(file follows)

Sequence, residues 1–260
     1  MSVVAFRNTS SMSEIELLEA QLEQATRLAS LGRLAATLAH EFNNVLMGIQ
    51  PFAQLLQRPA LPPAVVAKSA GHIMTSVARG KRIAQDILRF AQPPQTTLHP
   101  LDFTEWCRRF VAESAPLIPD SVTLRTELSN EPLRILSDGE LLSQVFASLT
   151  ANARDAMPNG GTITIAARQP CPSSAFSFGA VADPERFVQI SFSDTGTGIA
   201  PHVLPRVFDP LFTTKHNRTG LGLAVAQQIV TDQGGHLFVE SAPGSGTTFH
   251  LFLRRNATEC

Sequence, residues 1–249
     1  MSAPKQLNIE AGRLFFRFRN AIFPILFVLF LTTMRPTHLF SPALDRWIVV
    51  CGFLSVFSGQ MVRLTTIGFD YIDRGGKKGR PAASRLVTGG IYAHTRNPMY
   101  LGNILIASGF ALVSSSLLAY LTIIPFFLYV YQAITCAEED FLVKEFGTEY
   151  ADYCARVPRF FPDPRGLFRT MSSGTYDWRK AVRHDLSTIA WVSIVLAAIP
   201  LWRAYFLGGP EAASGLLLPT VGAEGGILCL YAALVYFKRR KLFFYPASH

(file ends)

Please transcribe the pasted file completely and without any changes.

Sequence, residues 1–260
     1  MSVVAFRNTS SMSEIELLEA QLEQATRLAS LGRLAATLAH EFNNVLMGIQ
    51  PFAQLLQRPA LPPAVVAKSA GHIMTSVARG KRIAQDILRF AQPPQTTLHP
   101  LDFTEWCRRF VAESAPLIPD SVTLRTELSN EPLRILSDGE LLSQVFASLT
   151  ANARDAMPNG GTITIAARQP CPSSAFSFGA VADPERFVQI SFSDTGTGIA
   201  PHVLPRVFDP LFTTKHNRTG LGLAVAQQIV TDQGGHLFVE SAPGSGTTFH
   251  LFLRRNATEC

Sequence, residues 1–249
     1  MSAPKQLNIE AGRLFFRFRN AIFPILFVLF LTTMRPTHLF SPALDRWIVV
    51  CGFLSVFSGQ MVRLTTIGFD YIDRGGKKGR PAASRLVTGG IYAHTRNPMY
   101  LGNILIASGF ALVSSSLLAY LTIIPFFLYV YQAITCAEED FLVKEFGTEY
   151  ADYCARVPRF FPDPRGLFRT MSSGTYDWRK AVRHDLSTIA WVSIVLAAIP
   201  LWRAYFLGGP EAASGLLLPT VGAEGGILCL YAALVYFKRR KLFFYPASH